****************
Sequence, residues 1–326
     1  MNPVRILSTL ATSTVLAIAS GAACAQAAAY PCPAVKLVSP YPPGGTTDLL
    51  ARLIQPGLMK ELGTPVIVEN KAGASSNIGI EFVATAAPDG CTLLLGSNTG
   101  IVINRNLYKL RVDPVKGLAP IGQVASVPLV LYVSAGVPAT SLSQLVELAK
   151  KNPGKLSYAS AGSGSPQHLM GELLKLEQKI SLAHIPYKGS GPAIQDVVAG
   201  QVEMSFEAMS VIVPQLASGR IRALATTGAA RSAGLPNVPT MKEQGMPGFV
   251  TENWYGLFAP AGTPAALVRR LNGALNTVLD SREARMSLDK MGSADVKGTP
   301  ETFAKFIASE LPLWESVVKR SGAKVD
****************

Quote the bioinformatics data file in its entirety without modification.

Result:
Sequence, residues 1–326
     1  MNPVRILSTL ATSTVLAIAS GAACAQAAAY PCPAVKLVSP YPPGGTTDLL
    51  ARLIQPGLMK ELGTPVIVEN KAGASSNIGI EFVATAAPDG CTLLLGSNTG
   101  IVINRNLYKL RVDPVKGLAP IGQVASVPLV LYVSAGVPAT SLSQLVELAK
   151  KNPGKLSYAS AGSGSPQHLM GELLKLEQKI SLAHIPYKGS GPAIQDVVAG
   201  QVEMSFEAMS VIVPQLASGR IRALATTGAA RSAGLPNVPT MKEQGMPGFV
   251  TENWYGLFAP AGTPAALVRR LNGALNTVLD SREARMSLDK MGSADVKGTP
   301  ETFAKFIASE LPLWESVVKR SGAKVD